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States, Ngos And Humanitarian Intervention

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Chapter Summary

This chapter argues that what controls the possible re-emergence of the humanitarian intervention norm after the end of the Cold War are both international and especially domestic political factors inspiring and legitimating humanitarian intervention into foreign internal wars. There has been a vigorous arid extensive debate from both a legal and policy perspective on the desirability of humanitarian intervention. As the chapter's focus is on the role of international civil society in affecting this norm since the 1990s, we need only summarize this debate by two important exponents. The chapter discusses three cases of humanitarian intervention that may set legal precedents favoring forcible human rights protection over state sovereignty, depending on how states come to interpret the legality of this regime. Despite their being only partly successful and only partly motivated by altruism, are nevertheless unplecedented examples of collective security to save lives.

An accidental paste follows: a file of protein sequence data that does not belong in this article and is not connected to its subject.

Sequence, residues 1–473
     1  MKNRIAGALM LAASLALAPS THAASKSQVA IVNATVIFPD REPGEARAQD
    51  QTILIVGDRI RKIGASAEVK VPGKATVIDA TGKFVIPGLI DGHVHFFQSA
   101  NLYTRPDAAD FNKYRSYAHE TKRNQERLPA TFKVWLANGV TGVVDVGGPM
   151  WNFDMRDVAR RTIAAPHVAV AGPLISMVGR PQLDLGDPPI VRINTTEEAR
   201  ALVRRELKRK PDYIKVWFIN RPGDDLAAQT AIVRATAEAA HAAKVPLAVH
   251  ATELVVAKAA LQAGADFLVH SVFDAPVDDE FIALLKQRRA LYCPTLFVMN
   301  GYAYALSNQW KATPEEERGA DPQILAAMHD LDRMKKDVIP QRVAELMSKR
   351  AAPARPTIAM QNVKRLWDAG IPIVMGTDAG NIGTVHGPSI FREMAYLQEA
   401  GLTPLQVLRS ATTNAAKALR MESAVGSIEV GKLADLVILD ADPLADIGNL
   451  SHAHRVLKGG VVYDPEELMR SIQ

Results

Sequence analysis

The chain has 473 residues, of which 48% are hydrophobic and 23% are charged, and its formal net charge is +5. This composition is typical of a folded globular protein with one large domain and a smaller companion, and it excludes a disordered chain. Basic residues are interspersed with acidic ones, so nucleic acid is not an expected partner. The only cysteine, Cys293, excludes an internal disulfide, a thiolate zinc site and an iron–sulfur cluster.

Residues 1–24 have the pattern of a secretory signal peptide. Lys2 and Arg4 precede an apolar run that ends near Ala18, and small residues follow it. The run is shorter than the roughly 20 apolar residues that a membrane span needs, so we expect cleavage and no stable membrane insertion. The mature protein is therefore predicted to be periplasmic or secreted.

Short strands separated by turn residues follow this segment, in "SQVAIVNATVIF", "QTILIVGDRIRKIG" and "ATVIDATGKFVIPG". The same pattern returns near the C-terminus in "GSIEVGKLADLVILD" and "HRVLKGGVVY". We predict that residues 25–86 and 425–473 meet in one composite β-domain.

Keywords: cold war; humanitarian intervention norm; natural law; NGOs; state sovereignty



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